Generally, anonymous bidding places almost no restrictions on the type of the anonymizing tools. The only exception is the requirement for two-way communication; in other words, it should be possible for a prospective consumer, customer, or bidder (sender) to send an anonymous request to a prospective merchant or auctioneer and for the latter to reply to the sender. This can be done in a number of ways. One method used by simple existing anonymous remailers is to set-up a table that maps real e-mail addresses into aliases; this way, an addressee (merchant) can reply to the alias that is subsequently translated into a real e-mail address by the anonymous remailer. There are also more secure and sophisticated methods such as having the sender precompute a secret return path that is then "blindly" used by the addressee. Suffice it to say that, as long as it is available, the person skilled in the art can easily select an anonymity system that satisfies the requirements. Examples for solutions to the anonymity requirement can be found in D. Chaum, "Untraceable Electronic Mail, Return Addresses and Digital Pseudonyms" in Communications of the ACM, Vol. 24, No. 2, Februbary 1981, and C. Gulcu and G. Tsudik, "Mixing Email with Babel" in Proceedings of ISOC Symposium on Network and Distributed Systems Security, February 1996, San Diego, Calif., USA.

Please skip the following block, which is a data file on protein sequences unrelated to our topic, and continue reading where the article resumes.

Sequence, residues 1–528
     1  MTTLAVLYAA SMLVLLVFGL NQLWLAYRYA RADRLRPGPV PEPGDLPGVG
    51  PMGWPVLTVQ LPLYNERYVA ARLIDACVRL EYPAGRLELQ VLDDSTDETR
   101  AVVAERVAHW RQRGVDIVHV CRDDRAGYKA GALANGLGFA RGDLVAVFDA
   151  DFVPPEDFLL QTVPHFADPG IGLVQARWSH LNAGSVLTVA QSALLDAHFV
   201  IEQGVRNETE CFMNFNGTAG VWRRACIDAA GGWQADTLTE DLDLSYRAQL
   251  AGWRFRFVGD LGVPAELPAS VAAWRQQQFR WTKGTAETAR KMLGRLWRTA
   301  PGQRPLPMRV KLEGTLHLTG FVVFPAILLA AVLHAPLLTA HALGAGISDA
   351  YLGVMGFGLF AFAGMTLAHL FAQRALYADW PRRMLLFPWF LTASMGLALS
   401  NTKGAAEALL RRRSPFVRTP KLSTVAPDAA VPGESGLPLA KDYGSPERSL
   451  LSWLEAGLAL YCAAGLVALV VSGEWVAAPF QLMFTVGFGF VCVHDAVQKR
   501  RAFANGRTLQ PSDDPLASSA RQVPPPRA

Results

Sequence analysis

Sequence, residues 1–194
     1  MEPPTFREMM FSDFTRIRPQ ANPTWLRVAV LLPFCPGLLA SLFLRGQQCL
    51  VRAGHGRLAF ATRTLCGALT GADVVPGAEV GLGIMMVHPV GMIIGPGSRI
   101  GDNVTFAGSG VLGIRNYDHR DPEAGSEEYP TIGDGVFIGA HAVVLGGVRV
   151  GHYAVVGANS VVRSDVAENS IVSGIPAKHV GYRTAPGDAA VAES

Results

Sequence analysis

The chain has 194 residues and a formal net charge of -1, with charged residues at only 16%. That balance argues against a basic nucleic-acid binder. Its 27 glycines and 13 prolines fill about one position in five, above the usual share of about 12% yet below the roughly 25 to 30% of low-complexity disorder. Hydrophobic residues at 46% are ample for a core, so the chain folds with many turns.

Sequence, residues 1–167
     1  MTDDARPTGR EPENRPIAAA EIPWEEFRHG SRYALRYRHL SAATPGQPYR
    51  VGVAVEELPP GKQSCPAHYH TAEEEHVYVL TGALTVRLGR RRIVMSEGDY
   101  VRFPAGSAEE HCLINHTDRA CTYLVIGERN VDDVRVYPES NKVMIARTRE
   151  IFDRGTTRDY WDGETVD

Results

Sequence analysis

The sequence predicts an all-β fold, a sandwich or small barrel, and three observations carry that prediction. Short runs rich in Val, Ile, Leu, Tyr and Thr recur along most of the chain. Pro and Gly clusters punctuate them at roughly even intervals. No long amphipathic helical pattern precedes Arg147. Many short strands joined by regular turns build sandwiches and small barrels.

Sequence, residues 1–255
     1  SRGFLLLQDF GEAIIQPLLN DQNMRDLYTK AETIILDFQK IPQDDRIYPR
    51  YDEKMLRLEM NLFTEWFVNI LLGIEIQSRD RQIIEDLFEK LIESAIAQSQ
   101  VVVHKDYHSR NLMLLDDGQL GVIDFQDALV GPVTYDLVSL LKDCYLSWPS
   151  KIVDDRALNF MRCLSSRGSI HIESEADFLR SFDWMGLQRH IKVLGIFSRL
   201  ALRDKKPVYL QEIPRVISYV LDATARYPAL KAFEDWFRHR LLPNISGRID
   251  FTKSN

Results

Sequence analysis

The second requirement is a public key infrastructure. Most of them are designed as public key certification method (PKC). Such PKCs are available on networks today, serving a multitude of purposes. Currently, their most prominent use is in the area of secure electronic mail. Two widely used examples are Privacy-Enhanced Mail (PEM) and Pretty Good Privacy (PGP). PEM includes a PKC hierarchy and functions. PGP is somewhat "ad hoc", although it allows for informal certification hierarchies. It can be safely assumed that PKC will be a cornerstone of most future electronic commerce products. Such PKC methods are described in Bruce Schneier in "Applied Cryptography", New York 1995 by John Wiley and Sons, Inc.

In the detailed description below it is assumed that all relevant parties, senders/consumers and addressees/merchants, are equipped with individual public key certificates. At the very minimum, a certificate is assumed to contain the party's name, public key, validity time, and the name of the issuing authority, the latter being often referred to as "certification authority".

Notation Used

The table below gives the notation used throughout the following description, the drawings, and the claims.

______________________________________
C,M Consumer and Merchant, the protocol participants; technically they are "sender" and "addressee"; MD Merchandise description; OD Offer description; REQ Offer request; REP Offer reply; ACC Offer accept; TEMP-a Temporary value a; ID-x user ID of X; PK-x Public key of X (X = C or X = M); SK-x Secret/Private key of X; R-x Random number (nonce) generated by X; Cert-x Pubtic key Certificate of X, includes PK-x; K(text) Encryption of "text" under key K; H(text) Strong one-way Hash function upon "text" , e.g. SHA (Secure Hash Function) or MD5, both described in Bruce Schneier: Cryptography, above; SIGx Signature of X; {text} Optional text